Actors’ Equity president Kate Shindle is urging stage actors to “proactively and aggressively avoid breaking” the SAG-AFTRA strike by inadvertently accepting struck work.
In a message to members of Equity, which reps stage actors and stage managers, Shindle writes, “Know this: the other side will try to pit us against each other to keep churning out content. Don’t fall for it.”
“I cannot overstate how critical it is for members (and future members!) of to proactively and aggressively avoid breaking the @sagaftra strike,” Shindle writes, adding, “If you are offered work of any kind for an #AMPTP employer, don’t take any third party’s word for it that ‘it’s okay’ or ‘it’s not covered by the strike’…Call @sagaftra and ask whether performing the work in question will undermine the strike.”
Read Shindle’s entire message below.
“If you don’t know whether you’re being asked to do struck work, that’s understandable; it’s a complex issue,” says Shindle. “But it’s on each of us to make sure we’re not betraying other workers, even if our faces won’t be on camera. Performing struck work creates a race to the bottom.”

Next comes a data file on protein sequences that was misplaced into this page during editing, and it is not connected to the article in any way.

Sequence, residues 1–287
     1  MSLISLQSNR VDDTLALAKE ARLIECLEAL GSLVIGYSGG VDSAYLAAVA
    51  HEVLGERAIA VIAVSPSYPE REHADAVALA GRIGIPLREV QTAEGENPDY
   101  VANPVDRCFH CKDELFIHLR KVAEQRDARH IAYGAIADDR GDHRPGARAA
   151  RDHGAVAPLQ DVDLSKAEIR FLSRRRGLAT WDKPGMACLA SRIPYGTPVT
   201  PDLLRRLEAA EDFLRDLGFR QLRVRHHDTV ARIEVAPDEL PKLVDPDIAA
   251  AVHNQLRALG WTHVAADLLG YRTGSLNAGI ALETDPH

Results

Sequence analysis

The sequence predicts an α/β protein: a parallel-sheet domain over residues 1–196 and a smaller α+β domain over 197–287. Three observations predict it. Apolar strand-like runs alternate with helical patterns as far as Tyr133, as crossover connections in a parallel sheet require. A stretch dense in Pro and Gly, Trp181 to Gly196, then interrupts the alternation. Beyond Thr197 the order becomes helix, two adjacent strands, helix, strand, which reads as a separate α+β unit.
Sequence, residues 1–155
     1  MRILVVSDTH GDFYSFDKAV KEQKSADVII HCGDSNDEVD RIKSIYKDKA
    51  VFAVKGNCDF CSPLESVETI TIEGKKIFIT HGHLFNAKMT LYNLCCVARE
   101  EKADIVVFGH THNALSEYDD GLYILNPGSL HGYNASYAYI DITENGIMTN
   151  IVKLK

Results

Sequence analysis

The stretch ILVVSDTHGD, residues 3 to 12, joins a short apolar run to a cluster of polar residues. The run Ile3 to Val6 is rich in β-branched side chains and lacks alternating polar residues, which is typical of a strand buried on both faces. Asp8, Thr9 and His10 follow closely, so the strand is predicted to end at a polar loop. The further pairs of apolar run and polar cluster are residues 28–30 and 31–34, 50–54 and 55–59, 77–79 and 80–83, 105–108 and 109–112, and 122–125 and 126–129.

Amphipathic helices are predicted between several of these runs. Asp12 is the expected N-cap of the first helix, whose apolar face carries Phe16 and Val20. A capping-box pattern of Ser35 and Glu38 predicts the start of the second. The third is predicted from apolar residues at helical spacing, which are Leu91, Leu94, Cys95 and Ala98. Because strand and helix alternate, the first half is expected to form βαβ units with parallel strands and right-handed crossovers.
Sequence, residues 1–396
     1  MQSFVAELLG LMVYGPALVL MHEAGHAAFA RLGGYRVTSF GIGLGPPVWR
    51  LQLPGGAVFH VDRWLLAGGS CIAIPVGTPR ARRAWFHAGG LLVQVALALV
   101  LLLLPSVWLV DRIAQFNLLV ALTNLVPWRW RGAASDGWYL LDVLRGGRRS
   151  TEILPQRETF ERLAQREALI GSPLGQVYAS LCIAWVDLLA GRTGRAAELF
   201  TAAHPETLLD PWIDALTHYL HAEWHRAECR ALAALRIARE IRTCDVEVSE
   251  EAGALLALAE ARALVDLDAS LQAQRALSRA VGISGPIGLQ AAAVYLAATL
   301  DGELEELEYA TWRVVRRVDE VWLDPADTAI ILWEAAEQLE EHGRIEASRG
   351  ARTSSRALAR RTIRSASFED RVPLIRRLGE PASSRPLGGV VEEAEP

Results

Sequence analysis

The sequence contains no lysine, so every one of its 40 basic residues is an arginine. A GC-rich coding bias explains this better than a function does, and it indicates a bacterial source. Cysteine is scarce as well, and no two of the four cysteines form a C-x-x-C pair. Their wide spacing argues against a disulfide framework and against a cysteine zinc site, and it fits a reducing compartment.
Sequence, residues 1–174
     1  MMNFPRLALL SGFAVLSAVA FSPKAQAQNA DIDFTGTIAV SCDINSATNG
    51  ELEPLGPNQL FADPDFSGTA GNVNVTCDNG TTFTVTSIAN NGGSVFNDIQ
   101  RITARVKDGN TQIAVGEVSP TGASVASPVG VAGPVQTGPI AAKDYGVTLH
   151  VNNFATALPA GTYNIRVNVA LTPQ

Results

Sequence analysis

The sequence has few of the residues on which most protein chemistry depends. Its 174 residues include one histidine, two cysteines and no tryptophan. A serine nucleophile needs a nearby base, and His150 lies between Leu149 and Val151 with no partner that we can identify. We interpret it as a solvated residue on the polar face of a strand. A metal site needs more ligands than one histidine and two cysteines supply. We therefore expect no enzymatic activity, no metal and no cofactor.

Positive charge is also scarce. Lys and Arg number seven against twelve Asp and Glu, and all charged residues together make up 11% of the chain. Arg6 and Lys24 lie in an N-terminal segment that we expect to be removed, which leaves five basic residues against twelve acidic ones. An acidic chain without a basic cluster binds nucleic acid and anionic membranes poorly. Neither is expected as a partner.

Shindle reminds Equity members that work being withheld by SAG-AFTRA members includes auditioning for AMPTP projects, being on set, post-production, promotion, and more. “When in doubt – or to report strike-breaking activity – contact @sagaftra ASAP.”
“Every strike is important,” the Equity president writers, “but this one is existential. This is a generational battle for a fair and functioning entertainment industry, and our opponents have nearly unlimited resources. But we have the workers. We can do it.”
The SAG-AFTRA strike will not impact Broadway productions. SAG-AFTRA members who appear on Broadway operate under Equity contracts, with actors typically having dual memberships in the unions.
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